CALIFORNIA [25.09.07] - Latest figures from the Organic Exchange show that the amount of organic cotton produced globally increased 53% from 2005/06 to 2006/07 to 57,931 metric tons (MT), or 265,517 bales of cotton and volumes are set to climb further.

This expansion was led by growers in Turkey, India, Syria, China and Peru according to the just published report: Organic Exchange Organic Farm and Fiber Report 2007, from the US non-governmental organization, and using three different growth scenarios, it says organic cotton production will likely increase from 25 to 55% in 2007/08.

This further increase is likely, because of the increasingly popularity of
organic cotton use in consumer products. Ending stocks of organic cotton are estimated to be only approximately 9,046 MT or 41,461 bales and these are likely remain at or lower than current levels in all three scenarios given the tight market, according to the Organic Exchange. "The increase in organic cotton production around the world is a direct result of the apparel, home product and personal care industry's interest in providing products grown in the most sustainable manner possible," said LaRhea Pepper, Organic Exchange executive director. "Organic Exchange believes that demand for organic cotton fiber will remain high which means more and more farmers can convert to organic production to help manufacturers meet the demand," Pepper continued. The report said that organic cotton was now grown in a total of 24 countries on all arable continents. The top ten organic cotton producing countries were (in order by rank): Turkey, India, China, Syria, Peru, the United States, Uganda, Tanzania, Israel, and Pakistan. Almost 45% (44.9) of the organic cotton was grown in the Middle East (Turkey, Syria and Israel), while 32.9% was grown in Southeast Asia (India and Pakistan). Organic production is based on a system of farming that maintains and replenishes soil fertility without the use of toxic and persistent pesticides and fertilizers. The report says that global organic cotton product sales increased an estimated 35% annually, from US$245 million in 2001 to US$583 million in 2005 and are projected to climb to US$2.6 billion by the end of 2008. The top five users of organic cotton in 2005 were Nike (Oregon), Coop Switzerland and Patagonia (California), Otto (Germany), and Sam's Club/Wal-mart (Arkansas).

June 2007
At the personal request of The Honorable Samuel Assefa, Ethiopian Ambassador to the United States of America, Guy Carpenter (President, Cape Fear Apparel) addressed an economic development symposium in Addis Ababa, Ethiopia in June of this year. The conference was co-hosted by WBIFP (the World Bank Institute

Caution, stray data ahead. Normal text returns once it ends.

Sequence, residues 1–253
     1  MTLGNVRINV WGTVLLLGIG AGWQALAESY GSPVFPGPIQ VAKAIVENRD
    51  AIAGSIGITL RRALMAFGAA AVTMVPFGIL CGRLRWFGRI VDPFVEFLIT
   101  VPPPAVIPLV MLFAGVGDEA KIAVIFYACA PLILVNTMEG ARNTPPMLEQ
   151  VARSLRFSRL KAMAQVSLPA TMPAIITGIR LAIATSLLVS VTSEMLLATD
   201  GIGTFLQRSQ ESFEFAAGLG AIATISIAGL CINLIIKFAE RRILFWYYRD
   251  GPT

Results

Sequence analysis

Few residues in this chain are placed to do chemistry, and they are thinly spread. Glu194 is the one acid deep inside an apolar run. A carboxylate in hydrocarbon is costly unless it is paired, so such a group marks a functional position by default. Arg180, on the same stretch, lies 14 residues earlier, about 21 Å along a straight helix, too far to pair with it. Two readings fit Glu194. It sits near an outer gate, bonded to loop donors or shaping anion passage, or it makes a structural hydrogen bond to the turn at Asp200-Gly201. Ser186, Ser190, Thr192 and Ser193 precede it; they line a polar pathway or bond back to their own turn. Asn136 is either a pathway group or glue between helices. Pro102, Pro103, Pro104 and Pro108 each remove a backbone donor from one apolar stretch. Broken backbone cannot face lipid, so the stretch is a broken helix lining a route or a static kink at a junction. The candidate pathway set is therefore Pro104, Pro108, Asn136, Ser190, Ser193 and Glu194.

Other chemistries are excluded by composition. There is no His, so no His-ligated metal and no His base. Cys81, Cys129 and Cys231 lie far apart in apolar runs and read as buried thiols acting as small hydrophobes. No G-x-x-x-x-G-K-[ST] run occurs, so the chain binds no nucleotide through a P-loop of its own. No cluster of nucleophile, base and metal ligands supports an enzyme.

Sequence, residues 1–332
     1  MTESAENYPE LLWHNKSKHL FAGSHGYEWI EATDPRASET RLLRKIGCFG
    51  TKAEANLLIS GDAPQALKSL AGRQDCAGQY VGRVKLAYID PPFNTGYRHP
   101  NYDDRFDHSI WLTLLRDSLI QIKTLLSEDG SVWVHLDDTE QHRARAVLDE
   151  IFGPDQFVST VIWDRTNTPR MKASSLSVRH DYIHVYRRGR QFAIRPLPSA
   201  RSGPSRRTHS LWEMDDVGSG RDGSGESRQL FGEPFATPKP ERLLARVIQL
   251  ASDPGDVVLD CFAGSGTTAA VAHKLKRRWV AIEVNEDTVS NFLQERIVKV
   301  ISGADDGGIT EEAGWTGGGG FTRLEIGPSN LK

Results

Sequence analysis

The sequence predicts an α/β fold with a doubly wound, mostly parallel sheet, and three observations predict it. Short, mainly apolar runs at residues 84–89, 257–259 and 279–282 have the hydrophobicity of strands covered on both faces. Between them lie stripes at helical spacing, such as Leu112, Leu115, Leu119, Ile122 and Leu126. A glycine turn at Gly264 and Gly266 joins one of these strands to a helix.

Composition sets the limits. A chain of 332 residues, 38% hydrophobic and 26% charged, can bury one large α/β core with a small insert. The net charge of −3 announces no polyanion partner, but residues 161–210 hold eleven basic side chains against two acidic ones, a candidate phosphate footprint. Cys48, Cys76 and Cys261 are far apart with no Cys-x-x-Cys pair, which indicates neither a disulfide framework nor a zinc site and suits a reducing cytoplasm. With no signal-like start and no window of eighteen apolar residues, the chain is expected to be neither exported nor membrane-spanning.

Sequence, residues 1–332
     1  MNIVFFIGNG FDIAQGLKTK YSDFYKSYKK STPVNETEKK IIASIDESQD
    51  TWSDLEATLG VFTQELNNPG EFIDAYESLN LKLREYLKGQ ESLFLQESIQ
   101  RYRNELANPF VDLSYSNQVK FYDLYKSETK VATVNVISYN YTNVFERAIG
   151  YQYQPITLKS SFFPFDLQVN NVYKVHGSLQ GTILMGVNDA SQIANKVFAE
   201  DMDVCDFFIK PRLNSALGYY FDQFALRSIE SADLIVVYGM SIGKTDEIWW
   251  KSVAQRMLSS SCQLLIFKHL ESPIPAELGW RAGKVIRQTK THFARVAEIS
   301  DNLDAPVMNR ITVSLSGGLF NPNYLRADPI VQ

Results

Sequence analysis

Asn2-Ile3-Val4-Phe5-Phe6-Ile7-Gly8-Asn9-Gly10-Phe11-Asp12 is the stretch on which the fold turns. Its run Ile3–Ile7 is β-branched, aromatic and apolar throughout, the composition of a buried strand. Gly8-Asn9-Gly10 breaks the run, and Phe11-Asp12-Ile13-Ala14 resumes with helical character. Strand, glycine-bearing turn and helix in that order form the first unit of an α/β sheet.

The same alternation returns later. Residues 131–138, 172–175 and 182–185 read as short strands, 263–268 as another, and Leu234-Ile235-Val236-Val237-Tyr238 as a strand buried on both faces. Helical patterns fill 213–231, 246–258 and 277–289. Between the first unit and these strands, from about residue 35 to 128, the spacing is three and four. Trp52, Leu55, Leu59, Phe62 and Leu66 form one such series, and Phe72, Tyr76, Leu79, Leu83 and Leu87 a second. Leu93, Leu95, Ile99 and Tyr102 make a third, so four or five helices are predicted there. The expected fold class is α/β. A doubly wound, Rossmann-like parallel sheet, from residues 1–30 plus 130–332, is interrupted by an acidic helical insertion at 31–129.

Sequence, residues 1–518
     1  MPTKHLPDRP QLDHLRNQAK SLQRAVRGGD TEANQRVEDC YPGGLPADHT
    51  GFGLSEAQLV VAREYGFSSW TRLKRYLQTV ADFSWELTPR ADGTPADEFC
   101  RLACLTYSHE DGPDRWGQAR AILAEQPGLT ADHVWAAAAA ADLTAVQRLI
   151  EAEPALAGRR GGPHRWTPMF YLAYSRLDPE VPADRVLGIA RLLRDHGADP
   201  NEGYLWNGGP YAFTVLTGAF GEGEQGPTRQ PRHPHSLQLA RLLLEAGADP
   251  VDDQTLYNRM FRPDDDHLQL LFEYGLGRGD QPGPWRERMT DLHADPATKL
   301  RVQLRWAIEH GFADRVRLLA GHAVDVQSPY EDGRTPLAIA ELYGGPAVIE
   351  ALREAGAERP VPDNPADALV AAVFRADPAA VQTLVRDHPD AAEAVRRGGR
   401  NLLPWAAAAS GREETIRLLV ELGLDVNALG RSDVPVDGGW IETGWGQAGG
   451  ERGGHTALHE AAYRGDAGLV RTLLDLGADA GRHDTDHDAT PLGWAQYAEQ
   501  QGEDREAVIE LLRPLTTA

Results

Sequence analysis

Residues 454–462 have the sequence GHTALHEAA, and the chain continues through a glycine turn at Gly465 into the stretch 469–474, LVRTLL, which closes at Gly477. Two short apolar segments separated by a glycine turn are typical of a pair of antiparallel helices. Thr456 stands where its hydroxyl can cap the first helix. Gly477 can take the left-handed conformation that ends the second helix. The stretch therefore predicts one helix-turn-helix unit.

Finance and Private Sector Division
), AFTPS (Africa Private Sector Development), the Donor Thematic Working Group on PSD (Private Sector Development) and Trade, and Government of Ethiopia. Guy's presentation addressed growth opportunities in the textile and apparel sector that may be possible for the Ethiopian textile and apparel industry if a more environmentally focused direction could be promoted and sustained. And, what type of customers may come to them if they did so. One direction suggested was to obtain organic certification of cotton grown in Ethiopia and to encourage the growth of a "green" production chain to finished apparel for export.

Other distinguished speakers included:

H.E. Ato Tadesse Haile
The State Minister for Trade and Industry, Federal democratic Republic of Ethiopia

H.E. Ato Harqa Haroye
The Minister of Justice, Federal Democratic Republic of Ethiopia

Dr. William D. Jackson
Executive Office of the President of the United States of America

Mr. Magdi M. Amin
The Director for African Affairs, Office of US Trade Representative Senior Private Sector Development Specialist, the World Bank

Ms. Andra Koke
Director- Unit Trade and Development, DG Trade, The European Union

Dr. Ishac Diwan
Ethiopia Country Director, the World Bank

Mr. Addis Alemayehou
Chief of Party, USAID Ethiopia, African Growth and Opportunity Act (AGOA)

Mr. Mark Walter
Project The Chief of Party, USAID Doha Project Promoter, Diaspora Investment and Export Center

Dr. Charles Sabel
Professor, Columbia University

Mr. Ermyas Emelga
Chairman, Access Capital

Post conference email from Ambassador Assefa:
"... I am delighted you accepted the invitation for the Addis conference. ..., your attendance meant everything to all participants, not just the people from the World Bank. Indeed, there seems to be universal agreement that yours was the most important contribution. Your irreverent, in your words, politically incorrect, remarks helped ensure that participants were alive to the real challenges on the ground. Many expressed their hope that we could entice you to consider returning sometime soon. Maybe we could come up with something that is both viable and exciting to sustain, and to deepen, your engagement with Ethiopia."

More info here...


February 2007:
We had a very good show in Las Vegas. Global Eco Apparel Show February 12th through the 15th, 2007 at the Venetian Hotel.

October 2006:
I visited Organic Cotton farms in Northern Uganda. In Kampala we also started working to develop new fabrics with Phenix Logistics a 100% certified organic spinner, who has organic knitting, and organic cut & sew. They are now supplying Edun with t-shirts. EDUN is a socially conscious clothing company created by Ali Hewson and Bono with New York clothing designer Rogan Gregory.

September 2006:
I visited Cut & Sew operations in Ethipoia and helped to encouraged the growth of organic cotton agriculture...